Former al-Qaida Double Agent Says Muslims Must Fight Extremism

A former jihadist who became an al-Qaida double agent says Muslims must do more to tackle extremism in their midst and that stopping lone wolf attacks is near-impossible.

Morten Storm has seen deep inside the conflict between jihadists and Western intelligence services, having served both.

He was a Danish petty criminal who converted to Islam in the 1990s and became embroiled in the global jihadist network, before abruptly losing his faith and turning against his former friends.

Storm, 39, has emerged from his experiences with a strong conviction that Muslim communities need to be at the forefront of efforts to tackle radical Islam.

"(European) governments live in denial. It's like an alcoholic denying they have a drinking problem. We have a problem with this religion that we need to address honestly," he said.

He was speaking in Paris, where his book "Agent Storm: My Life Inside al-Qaida and the CIA" is about to be released in French.

He said claims by Western governments that attacks such as those in Paris and Copenhagen this year had nothing to do with Islam "made a mockery" of those who were fighting for a more tolerant version of the religion.

"The silence of the majority of Muslims who are not doing anything about ISIS could lead to a war throughout the Middle East," said Storm, referring to the Islamic State group based in Syria and Iraq. 

His own years of deception have also highlighted the challenge of identifying radicalized individuals who act alone. 

"It's difficult to prevent lone wolf attacks. You have to understand what's inside the mind of a person: one day from being a person going to the mosque every day, to one day changing within himself and stabbing someone or running them down with a car -- it's very difficult if not impossible for the intelligence services to stop that."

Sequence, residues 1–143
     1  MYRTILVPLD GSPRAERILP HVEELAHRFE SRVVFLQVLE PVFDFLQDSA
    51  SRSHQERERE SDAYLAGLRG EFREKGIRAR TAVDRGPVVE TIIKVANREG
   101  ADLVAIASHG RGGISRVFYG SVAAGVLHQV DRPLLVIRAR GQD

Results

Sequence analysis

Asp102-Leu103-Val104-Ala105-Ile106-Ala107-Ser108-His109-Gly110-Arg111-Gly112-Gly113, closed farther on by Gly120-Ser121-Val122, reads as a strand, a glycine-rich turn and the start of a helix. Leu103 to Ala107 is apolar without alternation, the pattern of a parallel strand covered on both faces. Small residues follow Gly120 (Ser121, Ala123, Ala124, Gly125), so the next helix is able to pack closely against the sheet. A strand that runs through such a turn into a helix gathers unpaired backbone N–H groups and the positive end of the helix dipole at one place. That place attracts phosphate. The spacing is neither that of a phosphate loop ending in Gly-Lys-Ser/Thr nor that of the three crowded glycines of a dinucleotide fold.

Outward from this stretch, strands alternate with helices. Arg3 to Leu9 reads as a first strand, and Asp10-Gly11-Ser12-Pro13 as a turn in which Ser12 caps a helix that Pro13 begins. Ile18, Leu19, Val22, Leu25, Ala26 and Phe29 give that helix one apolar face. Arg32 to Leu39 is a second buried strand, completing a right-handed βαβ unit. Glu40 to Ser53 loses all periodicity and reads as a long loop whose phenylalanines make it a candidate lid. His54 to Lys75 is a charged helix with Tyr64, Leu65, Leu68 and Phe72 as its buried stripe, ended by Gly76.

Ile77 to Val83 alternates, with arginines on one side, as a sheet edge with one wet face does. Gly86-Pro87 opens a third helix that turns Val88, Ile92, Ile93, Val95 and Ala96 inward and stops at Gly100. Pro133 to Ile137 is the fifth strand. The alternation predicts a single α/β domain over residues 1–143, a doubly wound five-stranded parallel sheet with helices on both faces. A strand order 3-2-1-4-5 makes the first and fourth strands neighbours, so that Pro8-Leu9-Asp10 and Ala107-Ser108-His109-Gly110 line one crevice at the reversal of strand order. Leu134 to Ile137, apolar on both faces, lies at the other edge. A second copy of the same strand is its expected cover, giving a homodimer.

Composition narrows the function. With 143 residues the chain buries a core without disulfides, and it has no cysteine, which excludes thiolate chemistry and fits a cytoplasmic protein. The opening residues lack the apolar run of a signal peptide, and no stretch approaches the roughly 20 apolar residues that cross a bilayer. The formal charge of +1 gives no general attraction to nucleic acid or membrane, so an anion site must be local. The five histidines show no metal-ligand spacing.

- Becoming a spy -

Storm's own decision to abandon radical Islam was triggered after he was unable to join the fight alongside Shebab jihadists in Somalia, which caused him to question God's will. 

"It was like being part of the World Cup team and being pulled out at the last minute," he said.

The disappointment, he said, led him finally to challenge the extremist version of Islam he had adopted after serving time in prison for assault in 1997.

After months of soul-searching, he privately renounced Islam and became a spy, helping the CIA, Britain's MI6 and Denmark's PET agencies locate and kill some of the world's top jihadists.

He claims his efforts were crucial in killing Anwar al-Awlaki, an American citizen and top al-Qaida leader in Yemen, who was blown up by a U.S. drone in 2011.

Storm helped locate a wife for Awlaki, a 32-year-old blond Croatian who had converted to Islam and was looking for a jihadist to marry.

He maintained his contact with Awlaki, and claims he managed to get a USB stick to him that allowed the United States to pinpoint its drone strike in September 2011.

But his relationship with the intelligence services soon soured. 

The British and the Danes did not want to be part of assassination plots, and Storm claims the CIA refused to cough up the $5 million they had promised for helping him kill Awlaki. 

- 'Agents don't have rights' -

He says the CIA even tried to have him killed -- "perhaps to tie up loose ends" -- at which point he decided to go public for his own safety. 

"The agents do not have rights, we are disposable," he said.

He keeps his harshest criticism for the Danish PET, claiming a friend who died in Syria in 2013 was a double agent, but his family have never been told. 

"This discourages other agents. If you can't trust your government, who can you trust?" he said.

Two CNN terrorism analysts, Paul Cruickshank and Tim Lister, helped Storm write the book and confirmed some of the details in his story, although the spy agencies have refused to comment.

In an interview on Tuesday, Cruickshank said a key lesson from Storm's personal history was that jihadist violence was often based on religious conviction, not just political or economic grievances.

"It's going to be the Muslim communities that are going to have to challenge this ideology," he said.

"There are very, very courageous Muslim community leaders across Europe who are standing up, risking their lives to speak out against this and too seldom are they fully backed by Western governments."

Source: Agence France Presse

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